A TPM structure was set up which now supports smarter collaborative working in Europe. The TPM operates in the form of a subgroup within CEDR's TGR providing the higher level strategic steer.

In order to facilitate the transition to the CEDR through a number of developments and activities, ENR2 partners gave full support to the new structure and its permanent secretariat, through the provision of advice, guidance, and assistance in coordinating its activities. By the end of ENR2 the new organisational structure had become self-sustaining and is working towards increasing expenditure of the national road administration research procurement budgets on transnationally funded collaborative research.

This permanent structure made it possible for ENR2 to initiate a further transnational research call 2012 which was then pursued within CEDR. The TPM secretariat was heavily involved in the organisation of the experts' workshops which took place in London at the end of November 2011 to select the themes for the call.

A new call 2013 is further envisaged by CEDR.

Pave the way towards achieving a greater research budget of the national road administrations on transnationally funded collaborative research

As owners of road research programmes, the partners in ENR2ensured that coordination between the owners of the national and regional road research programmes from both within and outside the consortium was broadened and deepened. This will pave the way towards achieving an expenditure of 10 % of the national road administrations research budgets on transnationally funded collaborative research by 2013. The key objective of ENR2 cooperation was to design and organise joint transnational research calls with a real common pot funding mechanism. In order to achieve this objective a toolkit of procedures for transnational procurement of research including a model for transnational funding of research has been developed. This toolkit has been trialled and proved to work. A transnational call was launched each year throughout the ENR2 project, with significant and increasing budgets.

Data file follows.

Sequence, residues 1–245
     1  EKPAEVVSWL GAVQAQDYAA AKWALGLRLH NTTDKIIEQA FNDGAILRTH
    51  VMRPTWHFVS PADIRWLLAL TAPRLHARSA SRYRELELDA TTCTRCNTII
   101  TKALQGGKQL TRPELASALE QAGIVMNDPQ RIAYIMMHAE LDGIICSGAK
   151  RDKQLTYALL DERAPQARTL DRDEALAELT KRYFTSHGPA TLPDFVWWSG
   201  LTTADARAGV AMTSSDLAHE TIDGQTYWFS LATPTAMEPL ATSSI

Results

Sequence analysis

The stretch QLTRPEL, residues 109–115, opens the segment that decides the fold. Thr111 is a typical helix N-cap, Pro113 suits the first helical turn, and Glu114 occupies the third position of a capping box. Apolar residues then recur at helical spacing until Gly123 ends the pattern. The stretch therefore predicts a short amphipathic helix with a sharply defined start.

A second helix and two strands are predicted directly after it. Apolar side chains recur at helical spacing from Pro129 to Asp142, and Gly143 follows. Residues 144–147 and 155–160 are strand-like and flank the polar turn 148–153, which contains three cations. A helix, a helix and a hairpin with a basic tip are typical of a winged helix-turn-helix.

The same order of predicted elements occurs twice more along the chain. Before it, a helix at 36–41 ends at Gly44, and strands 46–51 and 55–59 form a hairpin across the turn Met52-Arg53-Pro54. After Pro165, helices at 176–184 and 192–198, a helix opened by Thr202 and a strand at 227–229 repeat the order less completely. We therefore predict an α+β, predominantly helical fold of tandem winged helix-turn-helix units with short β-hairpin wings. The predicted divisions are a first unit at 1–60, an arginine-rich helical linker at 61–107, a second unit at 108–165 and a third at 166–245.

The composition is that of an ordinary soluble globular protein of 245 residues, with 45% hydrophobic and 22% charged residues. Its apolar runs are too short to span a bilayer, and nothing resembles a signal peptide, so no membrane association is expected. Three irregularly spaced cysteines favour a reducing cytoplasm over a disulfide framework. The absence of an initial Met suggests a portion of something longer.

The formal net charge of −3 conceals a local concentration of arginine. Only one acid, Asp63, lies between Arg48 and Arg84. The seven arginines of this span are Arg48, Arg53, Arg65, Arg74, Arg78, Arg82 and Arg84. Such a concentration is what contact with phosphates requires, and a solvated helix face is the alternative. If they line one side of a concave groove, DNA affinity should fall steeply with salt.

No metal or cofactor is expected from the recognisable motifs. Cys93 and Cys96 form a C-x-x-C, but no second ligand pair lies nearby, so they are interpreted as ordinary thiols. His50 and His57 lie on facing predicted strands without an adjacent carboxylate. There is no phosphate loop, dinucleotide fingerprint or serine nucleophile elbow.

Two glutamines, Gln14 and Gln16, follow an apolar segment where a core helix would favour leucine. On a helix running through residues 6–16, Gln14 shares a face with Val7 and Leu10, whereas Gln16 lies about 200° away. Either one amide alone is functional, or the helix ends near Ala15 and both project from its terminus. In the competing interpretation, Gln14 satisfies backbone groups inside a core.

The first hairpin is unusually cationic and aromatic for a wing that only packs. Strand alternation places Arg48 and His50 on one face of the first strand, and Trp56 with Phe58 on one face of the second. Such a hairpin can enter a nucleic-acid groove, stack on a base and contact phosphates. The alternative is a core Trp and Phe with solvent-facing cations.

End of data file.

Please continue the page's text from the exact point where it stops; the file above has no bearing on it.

Two programme calls had been published within the first ENR: in 2008 for a total budget of EUR 1.5 million on road owners getting to grips with climate change and in 2009 for a total budget of EUR 1.5 million on safety at the heart of road design. These programmes are now closed and all research reports are available.

ENR2 successfully organised further transnational road research calls, thus demonstrating the commitment of funding road administrations and their confidence that the initiative was delivering significant leverage, added value and trust.